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It was not long after people were created that they began to manufacture objects to make life easier and more enjoyable. Adam is barely out of the garden of Eden when we read that Jubal was “the ancestor of all musicians who play the harp and the flute,” and that Tubal Cain “made all kinds of tools out of bronze and iron” (Gen 4.21, 22). The Bible mentions at least five hundred distinct objects manufactured by humans, and these can present a special challenge to the translator. While there is much that is common to all human experience, and basic material needs remain fairly constant, a number of factors can make it difficult to find the proper equivalent when translating a word for a particular material object.
The end result is that one present-day culture may not have a word for an object that was common in the lands of the Bible three thousand years ago, while another culture may have ten words for varieties of the same object. The Realia Handbook explains man-made objects in the Bible, by classifying them in ten general categories. This has the advantage of placing in close proximity the discussions of objects that were found in similar settings and that were related to each other in usage. This volume, like others in the UBS Helps for Translators, concentrates on exegetical information for translators, attempting to indicate possible solutions for translational problems related to language or culture. However, many church leaders and interested Bible readers have found the UBS Helps for Translators useful and informative, and this volume will be no exception.
’ov Job 32.19
chemeth Gen 21.14-15, 19; Hab 2.15
no’d Josh 9.4, 13; Jdg 4.19; 1 Sam 16.20; Psa 56.8 (9); 119.83
nevel 1 Sam 1.24; 10.3; 25.18; 2 Sam 16.1; Job 38.37; Jer 13.12; 48.12
askoputinē Jdt 10.5
askos Matt 9.17; Mark 2.22; Luke 5.37-38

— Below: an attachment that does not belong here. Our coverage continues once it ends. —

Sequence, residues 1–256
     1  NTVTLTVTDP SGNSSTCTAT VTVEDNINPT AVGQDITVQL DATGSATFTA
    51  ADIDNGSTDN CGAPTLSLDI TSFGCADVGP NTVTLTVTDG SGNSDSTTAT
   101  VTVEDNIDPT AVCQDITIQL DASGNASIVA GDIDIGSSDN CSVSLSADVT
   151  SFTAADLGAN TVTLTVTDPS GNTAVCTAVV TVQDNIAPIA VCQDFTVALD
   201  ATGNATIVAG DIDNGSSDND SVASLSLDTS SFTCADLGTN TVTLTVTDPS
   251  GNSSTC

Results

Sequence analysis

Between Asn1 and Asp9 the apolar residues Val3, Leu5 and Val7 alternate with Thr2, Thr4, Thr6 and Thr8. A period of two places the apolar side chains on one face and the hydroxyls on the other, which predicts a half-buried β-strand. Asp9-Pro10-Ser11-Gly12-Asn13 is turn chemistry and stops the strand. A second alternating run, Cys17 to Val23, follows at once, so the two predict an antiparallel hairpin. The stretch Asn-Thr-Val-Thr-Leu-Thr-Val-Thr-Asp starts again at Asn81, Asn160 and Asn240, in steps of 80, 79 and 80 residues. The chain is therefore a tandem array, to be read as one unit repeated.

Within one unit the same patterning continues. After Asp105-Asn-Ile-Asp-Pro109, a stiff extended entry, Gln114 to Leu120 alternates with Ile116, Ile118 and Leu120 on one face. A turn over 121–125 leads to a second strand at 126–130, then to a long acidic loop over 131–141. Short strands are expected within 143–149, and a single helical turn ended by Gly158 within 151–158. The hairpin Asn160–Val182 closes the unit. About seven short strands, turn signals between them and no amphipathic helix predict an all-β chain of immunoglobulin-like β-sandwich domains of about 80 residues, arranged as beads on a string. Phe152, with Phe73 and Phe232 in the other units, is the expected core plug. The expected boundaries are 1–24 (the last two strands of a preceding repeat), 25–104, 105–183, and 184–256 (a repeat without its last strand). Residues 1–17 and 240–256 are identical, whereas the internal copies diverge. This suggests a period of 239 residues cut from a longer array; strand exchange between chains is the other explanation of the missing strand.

The wineskin or water bag was a bag made of skin or leather. Normally the skin of a goat or a sheep was used, although the skin of an ox or a camel was also possible. The skin was removed from the animal by separating it at the neck and then pulling it back whole over the body, and the skin was tanned and the hair usually removed. The skin was then turned inside out and four of the five openings (neck and four legs) were tied shut.
The bag was used to contain liquids, primarily wine or water. The skin was only a temporary storage vessel since the leather tended to spoil the taste of the liquid. Translation The Hebrew word ’ov occurs only in Job 32.19 with the meaning “wineskin,” which is made clear in the context. See the discussion on this verse in A Handbook on The Book of Job, pages 601-602. Psa 56.8; Hab 2.15: Some authorities do not see references to wineskins in these passages. See the discussions on these verses in A Handbook on Psalms (pages505-506) and A Handbook on The Books of Nahum, Habakkuk, and Zephaniah (pages 105-106). Psa 119.83: For the first line of this verse, GNT has “I am as useless as a discarded wineskin.” In many languages this rendering will have little or no meaning.
So the translator has two choices: either to say “I am of no account,” or to use a local object instead of “wineskin,” such as a mildewed bag. Matt 9.17; Mark 2.22; Luke 5.37-38: These parallel passages in the New Testament refer to “wineskins.” A number of translators have attempted to substitute “bottles” for “wineskins,” but this has not been satisfactory, since fermenting wine does not normally break glass or earthen bottles, while it would break old wineskins. In circumstances in which the use of wineskins is not known, it may be necessary to employ some kind of descriptive phrase (for example, “container made of skin,” “closed bag of skin,” or “goat skin like a bottle”) and a fuller explanation in a footnote.
Published 2009 Pages 516 [Colour]